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New Study Could Help Establish the Existence of Quantum Spin Liquids

Physicists at the University of Arkansas have made a recent discovery, which could be helpful to scientists in determining the existence of quantum spin liquids—a new state of matter.

Image Credit: University of Arkansas.

Since they were first hypothesized in the 1970s, quantum spin liquids have been enigmatic. If the existence of quantum spin liquids is established, it could open a path toward considerably faster, next-generation quantum computing.

The focus and research of scientists have been on what is called the Kitaev-type of spin liquid, which has been named after Alexei Kitaev, a Russian scientist who was the first to propose its existence. Specifically, they have widely investigated two materials—RuCl3 and Na2IrO—as candidates for this type of materials. Both of these materials exhibit small quantum spin numbers.

Traditional candidates are pretty limited to only these two.

Changsong Xu, Researcher, Department of Physics, University of Arkansas

Xu is the first author of the study that was published recently in the Physical Review Letters journal.

As part of the latest study, the physicists from the University of Arkansas have considerably increased the number of materials that could be possible candidates as Kitaev quantum spin liquids by analyzing materials that have higher quantum spin numbers, as well as by applying physical strain to the materials to tune their magnetic states.

Suddenly, we realize there are dozens of candidates we can propose.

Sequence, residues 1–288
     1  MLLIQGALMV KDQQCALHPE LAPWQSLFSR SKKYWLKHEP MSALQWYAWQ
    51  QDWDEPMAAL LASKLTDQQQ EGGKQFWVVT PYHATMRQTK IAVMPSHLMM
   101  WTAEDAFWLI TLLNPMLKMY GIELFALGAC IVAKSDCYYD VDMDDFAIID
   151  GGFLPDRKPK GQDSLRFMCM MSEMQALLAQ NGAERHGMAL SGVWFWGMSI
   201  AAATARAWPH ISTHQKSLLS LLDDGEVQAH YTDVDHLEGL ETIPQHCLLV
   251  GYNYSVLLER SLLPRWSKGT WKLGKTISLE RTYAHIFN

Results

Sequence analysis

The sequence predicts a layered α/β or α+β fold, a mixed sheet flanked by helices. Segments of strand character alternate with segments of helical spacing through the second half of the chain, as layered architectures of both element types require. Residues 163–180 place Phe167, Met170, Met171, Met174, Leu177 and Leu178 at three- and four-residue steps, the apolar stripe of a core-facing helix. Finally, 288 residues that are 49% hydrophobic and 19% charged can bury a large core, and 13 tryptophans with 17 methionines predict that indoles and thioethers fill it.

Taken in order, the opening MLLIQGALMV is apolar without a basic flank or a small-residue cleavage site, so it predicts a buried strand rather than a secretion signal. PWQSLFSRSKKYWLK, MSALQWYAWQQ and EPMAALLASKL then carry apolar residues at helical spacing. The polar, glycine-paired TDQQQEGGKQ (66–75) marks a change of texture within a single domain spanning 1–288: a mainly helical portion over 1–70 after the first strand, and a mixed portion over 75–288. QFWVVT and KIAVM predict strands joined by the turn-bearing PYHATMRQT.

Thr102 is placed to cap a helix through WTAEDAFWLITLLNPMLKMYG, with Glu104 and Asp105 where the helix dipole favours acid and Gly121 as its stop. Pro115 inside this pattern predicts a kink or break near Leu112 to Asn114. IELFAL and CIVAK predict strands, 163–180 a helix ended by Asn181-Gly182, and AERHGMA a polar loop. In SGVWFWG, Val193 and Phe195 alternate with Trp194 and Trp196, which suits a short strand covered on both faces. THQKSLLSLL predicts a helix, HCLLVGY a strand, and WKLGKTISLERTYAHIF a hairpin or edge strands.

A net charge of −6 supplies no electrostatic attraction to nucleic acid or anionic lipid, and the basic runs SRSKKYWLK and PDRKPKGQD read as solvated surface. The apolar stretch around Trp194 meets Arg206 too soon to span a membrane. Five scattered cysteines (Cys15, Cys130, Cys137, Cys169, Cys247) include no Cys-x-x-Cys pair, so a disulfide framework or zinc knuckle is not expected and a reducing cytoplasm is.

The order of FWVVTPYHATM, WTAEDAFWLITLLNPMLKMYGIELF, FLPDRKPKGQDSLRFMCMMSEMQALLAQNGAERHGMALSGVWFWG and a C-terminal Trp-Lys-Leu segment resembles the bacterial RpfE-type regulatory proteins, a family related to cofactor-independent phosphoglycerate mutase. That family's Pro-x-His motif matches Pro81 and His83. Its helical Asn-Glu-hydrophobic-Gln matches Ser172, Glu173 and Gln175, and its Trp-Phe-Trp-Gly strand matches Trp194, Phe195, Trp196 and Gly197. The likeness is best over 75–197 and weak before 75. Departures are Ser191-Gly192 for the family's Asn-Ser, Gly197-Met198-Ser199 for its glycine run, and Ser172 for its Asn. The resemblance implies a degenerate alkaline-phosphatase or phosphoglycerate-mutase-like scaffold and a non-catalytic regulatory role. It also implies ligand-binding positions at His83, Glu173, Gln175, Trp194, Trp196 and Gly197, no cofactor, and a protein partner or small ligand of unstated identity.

Changsong Xu, Researcher, Department of Physics, University of Arkansas

Quantum spin liquids are characterized by their strange magnetic arrangement. Magnets have a north and south pole, which are collectively known as dipoles. These are typically generated by the quantum spin of electrons. Within a magnetic material, all the dipoles tend to be parallel to one another (ferromagnetism) or periodically alternate their up and down direction (antiferromagnetism).

The dipoles are not so well ordered when it comes to the hypothetical quantum spin liquids. By contrast, they display strange ordering within a short distance from each other. Different kinds of spin liquids are produced by different types of ordering.

Xu collaborated with Laurent Bellaiche, Distinguished Professor of Physics, and collaborators from China and Japan. They used computational models to assess a Kitaev quantum spin liquid state in materials like chromium iodide and chromium germanium telluride.

The study was funded by grants from the Arkansas Research Alliance and the Department of Energy. According to Xu, the research will offer scientists many more materials to investigate in their quest to establish the existence of quantum spin liquids.


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